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DIRT: Colin McRae Off-Road Review

Jesse_Costantino By:
Jesse_Costantino
10/05/07
PRINTER FRIENDLY VERSION
EMAIL TO A FRIEND
GENRE Racing 
PLAYERS
PUBLISHER Codemasters 
DEVELOPER Codemasters 
RELEASE DATE  
MINIMUM SYSTEM REQUIREMENTS

Bringing rallying to the masses.


If racing were a fashion show, rally drivers would be wearing the classiest suits; they’re the dapper super-spies of the racing world. Rally drivers are masters of control, reaction, and all-around driving technique. They drive in all conditions, on all surfaces, in all climates, in all corners of the world. If I had to get my morning espresso delivered to Berlin piping hot from Milan without spilling a drop, I’d call a rally driver. Of course, I'm not rich, I don’t live in Berlin, and rally drivers do not hire out their driving services to the public, but a man can dream.

click to enlargeDiRT is the sixth Colin McRae rally game from developer Codemasters, and arrives on the PS3 a mere three months after its Xbox 360 counterpart. Ditching its central focus on rallying, rallying, and more rallying, this latest iteration in the McRae series includes a handful of non-rally events including “Crossover,” “CORR,” “Rallycross,” and “Rally Raid.” No longer do rally fans and off-road fans have to stand across the track from one another hurling vitriol at each other. DiRT brings these disparate types of racing together under the unified DiRT banner. Think of DiRT as a community-building exercise, a romp in the mud where everyone looks the same once they’re coated in crusty layers of brown muck.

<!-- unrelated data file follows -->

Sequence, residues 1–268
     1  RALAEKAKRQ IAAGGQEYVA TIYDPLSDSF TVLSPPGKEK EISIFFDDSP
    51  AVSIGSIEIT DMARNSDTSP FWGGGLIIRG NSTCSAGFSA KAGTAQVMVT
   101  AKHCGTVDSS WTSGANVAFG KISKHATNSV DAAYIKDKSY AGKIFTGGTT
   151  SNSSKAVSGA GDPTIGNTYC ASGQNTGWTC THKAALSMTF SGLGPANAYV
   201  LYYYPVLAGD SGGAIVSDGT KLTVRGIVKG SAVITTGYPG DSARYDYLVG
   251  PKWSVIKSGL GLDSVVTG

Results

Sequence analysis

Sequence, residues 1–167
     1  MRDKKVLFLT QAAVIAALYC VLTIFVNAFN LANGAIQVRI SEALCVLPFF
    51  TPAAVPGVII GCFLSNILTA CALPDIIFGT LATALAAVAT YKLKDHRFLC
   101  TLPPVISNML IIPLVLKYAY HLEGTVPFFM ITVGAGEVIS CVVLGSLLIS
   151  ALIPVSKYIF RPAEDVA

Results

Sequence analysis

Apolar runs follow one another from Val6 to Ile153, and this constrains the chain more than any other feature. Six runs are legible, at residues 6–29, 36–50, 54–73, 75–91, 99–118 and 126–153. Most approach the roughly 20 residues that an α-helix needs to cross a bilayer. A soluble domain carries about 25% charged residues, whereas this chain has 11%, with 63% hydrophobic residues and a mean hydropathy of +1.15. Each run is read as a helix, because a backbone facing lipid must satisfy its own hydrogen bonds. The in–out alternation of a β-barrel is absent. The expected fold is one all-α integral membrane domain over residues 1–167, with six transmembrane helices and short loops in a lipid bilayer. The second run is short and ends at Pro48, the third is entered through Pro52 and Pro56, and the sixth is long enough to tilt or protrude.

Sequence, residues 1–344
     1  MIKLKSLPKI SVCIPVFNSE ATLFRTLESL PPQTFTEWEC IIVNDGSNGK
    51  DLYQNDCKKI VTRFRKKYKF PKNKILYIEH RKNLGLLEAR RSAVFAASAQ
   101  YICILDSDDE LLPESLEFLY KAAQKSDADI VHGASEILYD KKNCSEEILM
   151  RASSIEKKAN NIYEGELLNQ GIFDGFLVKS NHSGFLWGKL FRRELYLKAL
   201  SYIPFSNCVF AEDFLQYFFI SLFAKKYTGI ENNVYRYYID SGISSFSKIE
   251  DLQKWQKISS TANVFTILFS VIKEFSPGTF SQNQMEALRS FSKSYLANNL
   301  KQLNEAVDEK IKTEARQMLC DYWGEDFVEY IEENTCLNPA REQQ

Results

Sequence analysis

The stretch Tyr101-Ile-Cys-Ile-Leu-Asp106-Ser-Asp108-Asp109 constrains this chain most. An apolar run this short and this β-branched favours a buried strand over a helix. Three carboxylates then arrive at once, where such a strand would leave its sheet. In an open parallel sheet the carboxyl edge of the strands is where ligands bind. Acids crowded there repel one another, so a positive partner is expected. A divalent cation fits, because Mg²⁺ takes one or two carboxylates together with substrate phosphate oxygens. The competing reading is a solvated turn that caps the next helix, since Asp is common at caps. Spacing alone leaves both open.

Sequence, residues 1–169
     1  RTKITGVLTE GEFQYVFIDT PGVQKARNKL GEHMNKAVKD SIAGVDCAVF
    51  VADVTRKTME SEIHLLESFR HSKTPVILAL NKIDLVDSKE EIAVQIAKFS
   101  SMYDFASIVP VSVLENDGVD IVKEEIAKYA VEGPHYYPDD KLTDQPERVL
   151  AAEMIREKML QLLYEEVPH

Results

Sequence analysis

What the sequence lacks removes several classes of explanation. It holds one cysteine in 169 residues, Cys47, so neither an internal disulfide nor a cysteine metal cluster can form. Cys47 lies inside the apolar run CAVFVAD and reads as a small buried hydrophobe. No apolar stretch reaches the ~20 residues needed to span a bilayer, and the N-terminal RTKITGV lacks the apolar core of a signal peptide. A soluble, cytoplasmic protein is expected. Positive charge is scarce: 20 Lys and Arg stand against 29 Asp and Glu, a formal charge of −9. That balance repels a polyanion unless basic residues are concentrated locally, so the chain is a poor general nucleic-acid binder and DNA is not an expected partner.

After you’ve spent some time messing around with the game’s impressive menu, you’ll likely move on to Career mode (Championship mode and Rally World mode are also available). Playing through Career mode gives you a sense of the remarkable variety and breadth the game has to offer. To progress you need to succeed at all of the different race types, each with its own strategies and subtleties. The events are organized into tiers, with each tier increasing slightly in difficulty as you advance.

Despite the inclusion of other racing disciplines, rallying is still indisputably the heart of the game. There are almost as many unique rally courses as there are vehicles to drive on them. Different road conditions, different course layouts, different times of day, different terrain, different roadside objects (no active weather or nighttime driving, though). You feel as though you are actually traveling around the world and seeing new places. Many times I wanted to stop the car, get out, take a picture, talk to the spectators, and use one of the many roadside port-o-lets. Rally racing in the real world is all about the challenge of navigating an unfamiliar set of roads, and DiRT does a great job of making the courses seem continually fresh and new.

While I was impressed by the seemingly endless variety of rally courses, there was very little variety in the non-rally tracks, making the non-rally events feel more like bonus rounds than full-blown events. By the time you get to the top tiers of your career, you’ll still be seeing fresh rally courses, but you’ll be tired of seeing the same few Rallycross, Crossover, Rally Raid, and CORR courses over and over again. That’s a shame since these other disciplines are surprisingly fun and fit seamlessly into the overall game.